Interesting question, isn’t it?

(*) these are real examples, not hypothetical ones
(^) 5cm in modern money

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Where’s the Magic in the Alexander Technique?

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There is a kind of magic in the Alexander Technique.

It’s a small magic that usually tip-toes up when you are not expecting it(*), and gives you a sudden burst of something wonderful.  It could be your pain goes away, your leg lifts higher, you take in more breath, your movement flows more, you feel calmer and more stable.  Or it could be a more mental sort of wonderful; you realise something that troubled you doesn’t have to trouble you any longer, you have a different way to tackle a problem, something new becomes possible.

Where does this magic come from?

Well, consider the story of a lady with lots of ongoing pain in one hip, and a pronounced limp.  Her first lesson was a lovely experience.  We talked through some Alexander Technique ideas, I did some hands-on work, and her limp very nearly went away.  Barely noticeable.

Her response: “It’s like magic!  You hardly did anything, you just put your hands here, and put your hands there, and my limp went away.”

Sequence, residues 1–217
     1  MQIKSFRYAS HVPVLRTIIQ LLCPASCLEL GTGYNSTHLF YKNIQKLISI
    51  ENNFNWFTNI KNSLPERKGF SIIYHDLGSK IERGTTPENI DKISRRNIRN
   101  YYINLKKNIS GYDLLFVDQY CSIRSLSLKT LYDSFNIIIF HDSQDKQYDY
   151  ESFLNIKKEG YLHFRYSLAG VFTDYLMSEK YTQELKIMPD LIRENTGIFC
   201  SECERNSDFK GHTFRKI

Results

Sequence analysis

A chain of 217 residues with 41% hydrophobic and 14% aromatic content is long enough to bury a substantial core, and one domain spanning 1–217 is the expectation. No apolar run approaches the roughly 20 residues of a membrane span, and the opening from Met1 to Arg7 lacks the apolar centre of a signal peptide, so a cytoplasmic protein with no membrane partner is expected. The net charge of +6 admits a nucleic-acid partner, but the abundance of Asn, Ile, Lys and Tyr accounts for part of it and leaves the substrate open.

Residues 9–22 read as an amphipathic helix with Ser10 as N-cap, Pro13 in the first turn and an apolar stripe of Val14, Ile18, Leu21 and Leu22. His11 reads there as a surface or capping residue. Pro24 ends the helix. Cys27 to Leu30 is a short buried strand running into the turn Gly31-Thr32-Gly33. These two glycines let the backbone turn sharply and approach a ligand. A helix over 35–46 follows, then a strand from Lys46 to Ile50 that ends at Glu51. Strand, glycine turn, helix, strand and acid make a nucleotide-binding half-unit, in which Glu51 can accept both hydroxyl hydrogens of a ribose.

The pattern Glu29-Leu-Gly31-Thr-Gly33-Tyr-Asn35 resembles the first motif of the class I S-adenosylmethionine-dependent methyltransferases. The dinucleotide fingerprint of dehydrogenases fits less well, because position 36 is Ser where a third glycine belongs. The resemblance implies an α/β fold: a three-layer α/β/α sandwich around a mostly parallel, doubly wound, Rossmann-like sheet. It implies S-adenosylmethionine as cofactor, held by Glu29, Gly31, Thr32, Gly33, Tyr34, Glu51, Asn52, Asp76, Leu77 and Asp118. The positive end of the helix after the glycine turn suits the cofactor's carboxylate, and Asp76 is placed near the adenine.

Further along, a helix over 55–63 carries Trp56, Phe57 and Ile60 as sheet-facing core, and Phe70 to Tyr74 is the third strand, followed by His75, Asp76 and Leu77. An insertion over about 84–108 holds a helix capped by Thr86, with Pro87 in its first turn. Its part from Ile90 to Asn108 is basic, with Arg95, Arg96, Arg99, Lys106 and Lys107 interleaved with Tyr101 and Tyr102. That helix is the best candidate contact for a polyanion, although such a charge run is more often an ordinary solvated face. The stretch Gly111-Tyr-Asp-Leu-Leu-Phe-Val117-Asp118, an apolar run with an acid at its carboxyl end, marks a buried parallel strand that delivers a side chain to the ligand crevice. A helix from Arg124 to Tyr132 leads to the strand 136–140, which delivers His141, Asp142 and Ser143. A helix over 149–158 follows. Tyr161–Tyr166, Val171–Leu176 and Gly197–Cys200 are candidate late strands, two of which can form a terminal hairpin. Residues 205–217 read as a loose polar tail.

That seems pretty clear.  The magic comes from the teacher.


A week later she came for her second lesson.  She showed me her walking, and the limp had come back in between times (which is normal at this stage of a student’s learning).  So we reviewed the Alexander ideas, the reasoning, the questions and directions.  Just talking, no hands-on.  Off she went again, to walk across the room, and once more her limp had all but disappeared.

Remember – no hands-on work this time.  Just a verbal reminder of the new ideas.  So where does the magic come from now?  It can’t be from the teacher.

My magic or your magic?

Answer: your magic.   You, the student.  Always your magic.  You may need a little help to achieve it, but that is all a teacher can do, give a nudge towards something that is in the student to start with.

Always your magic.


(*) there is a broader, longer-term magic that you only really spot when you look back over a period of time, and contrast you now with you then, but hey, one ‘magic’ blog at a time.


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Alexander Myths Part 3 – Put Your Back Into It!


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“Go on – put your back into it!”

If you’ve not encountered this phrase before, it’s a slightly old-fashioned way of telling someone to make more physical effort – to push, pull, twist or lift harder. You might have your own version. Where I come from it was ‘Give it some elbow-grease!’

Let’s be very clear at the start. Some jobs need a great deal of physical effort. Digging up tree roots. Moving heavy furniture. Dragging large and reluctant dogs. Running a marathon.

No myths so far.

But these colourful and entertaining phrases have led to a huge myth about the need for strenuous exertion, ie. If something is strenuous, you MUST (with large, capital letters in gothic typeface) turn on every muscle in your body. As hard as possible.